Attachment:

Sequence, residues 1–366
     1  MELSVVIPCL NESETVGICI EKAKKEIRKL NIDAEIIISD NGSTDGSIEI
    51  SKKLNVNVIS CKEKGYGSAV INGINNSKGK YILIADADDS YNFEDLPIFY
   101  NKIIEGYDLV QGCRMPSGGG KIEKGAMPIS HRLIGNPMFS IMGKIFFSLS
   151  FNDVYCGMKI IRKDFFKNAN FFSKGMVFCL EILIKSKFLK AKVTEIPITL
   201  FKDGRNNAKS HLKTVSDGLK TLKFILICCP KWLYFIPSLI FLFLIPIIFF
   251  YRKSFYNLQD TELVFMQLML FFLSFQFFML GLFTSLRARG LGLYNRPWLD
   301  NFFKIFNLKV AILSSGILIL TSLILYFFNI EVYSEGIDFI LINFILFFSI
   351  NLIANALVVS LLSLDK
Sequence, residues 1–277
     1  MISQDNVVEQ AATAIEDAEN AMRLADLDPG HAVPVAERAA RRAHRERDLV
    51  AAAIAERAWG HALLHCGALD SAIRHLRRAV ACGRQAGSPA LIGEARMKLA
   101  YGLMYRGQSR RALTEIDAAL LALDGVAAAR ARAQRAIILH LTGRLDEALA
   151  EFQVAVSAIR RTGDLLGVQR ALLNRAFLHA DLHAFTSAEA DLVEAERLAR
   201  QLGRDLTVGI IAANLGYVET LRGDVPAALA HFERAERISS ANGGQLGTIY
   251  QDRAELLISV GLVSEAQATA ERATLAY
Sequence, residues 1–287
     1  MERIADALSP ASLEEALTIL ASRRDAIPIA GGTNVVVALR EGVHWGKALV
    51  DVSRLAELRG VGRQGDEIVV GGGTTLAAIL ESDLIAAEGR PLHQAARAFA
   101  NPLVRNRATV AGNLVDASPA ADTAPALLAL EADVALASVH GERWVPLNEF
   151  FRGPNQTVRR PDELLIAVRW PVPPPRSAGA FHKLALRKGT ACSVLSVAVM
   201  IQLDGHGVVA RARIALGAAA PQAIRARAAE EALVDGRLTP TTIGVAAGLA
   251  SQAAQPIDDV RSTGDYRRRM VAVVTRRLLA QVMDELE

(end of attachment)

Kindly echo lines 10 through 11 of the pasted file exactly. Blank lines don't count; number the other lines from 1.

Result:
Sequence, residues 1–277
     1  MISQDNVVEQ AATAIEDAEN AMRLADLDPG HAVPVAERAA RRAHRERDLV